A recent article in my local paper caught my attention—a “Real Life” essay in which a free-lance writer shared her reflections on rejection letters. Having plenty of experience with rejection letters myself (what writer doesn’t), I read on. The author wrote non-fiction articles, but had an idea for a children’s fiction piece, so she’d queried several magazines about her work. When her efforts met with rejection, she decided to expand her queries to children’s book publishers. She was overjoyed when she finally received a request to see her manuscript from a big publishing house.
Hurray for her success! I cheered along with her…until the next sentence. She hadn’t even written the story yet. I just about sprayed the kitchen with my morning tea. Yikes!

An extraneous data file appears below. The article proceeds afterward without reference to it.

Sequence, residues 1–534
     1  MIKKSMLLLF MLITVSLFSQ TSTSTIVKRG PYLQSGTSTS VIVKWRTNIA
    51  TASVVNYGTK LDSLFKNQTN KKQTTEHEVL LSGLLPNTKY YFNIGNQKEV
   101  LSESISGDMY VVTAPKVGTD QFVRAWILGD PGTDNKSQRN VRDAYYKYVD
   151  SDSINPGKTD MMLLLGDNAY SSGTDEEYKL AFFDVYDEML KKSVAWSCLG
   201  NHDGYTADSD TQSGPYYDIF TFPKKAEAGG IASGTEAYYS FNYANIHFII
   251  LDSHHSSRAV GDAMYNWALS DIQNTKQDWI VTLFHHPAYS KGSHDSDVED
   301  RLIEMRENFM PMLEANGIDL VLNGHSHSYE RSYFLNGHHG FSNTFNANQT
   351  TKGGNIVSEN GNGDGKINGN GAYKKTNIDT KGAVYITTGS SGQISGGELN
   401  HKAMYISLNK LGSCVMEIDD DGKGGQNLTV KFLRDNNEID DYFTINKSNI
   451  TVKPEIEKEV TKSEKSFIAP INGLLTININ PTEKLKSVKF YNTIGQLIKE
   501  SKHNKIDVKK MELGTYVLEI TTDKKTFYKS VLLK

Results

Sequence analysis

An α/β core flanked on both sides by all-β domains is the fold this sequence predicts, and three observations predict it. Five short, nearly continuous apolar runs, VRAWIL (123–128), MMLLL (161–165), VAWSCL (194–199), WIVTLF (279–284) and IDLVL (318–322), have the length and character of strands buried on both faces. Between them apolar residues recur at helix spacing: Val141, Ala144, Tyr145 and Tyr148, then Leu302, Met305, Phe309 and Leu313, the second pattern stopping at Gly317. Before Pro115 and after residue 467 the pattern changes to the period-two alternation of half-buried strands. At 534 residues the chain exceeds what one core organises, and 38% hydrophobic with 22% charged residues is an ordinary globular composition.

Rule #1 of fiction: Don’t even think about querying until you have a completed and polished manuscript.
The writer then told how she’d whipped off the first draft of her manuscript over the weekend, polished it up the next week, and mailed it off. My jaw hit the countertop.
Rule #2 of fiction: Writing a children’s story is not easy. Every word counts. Plan on working at your craft and rewriting the whole thing several times. Then when you think its perfect, get feedback from trusted writer friends. And revise again.
Needless to say, she received a rejection. The sad part is that her idea might have been great. The outcome might have been different, if she’d spent more time on her manuscript.
The best piece of advice that I give to any aspiring children’s author is to join the SCBWI. That’s the Society of Children’s Book Writers and Illustrators. This organization is a goldmine of information and support. The packet of resources that you receive upon joining is worth every penny of the membership fee. And that’s just the beginning of the benefits. Check them out at www.scbwi.org. Believe me, you’ll thank me for it later.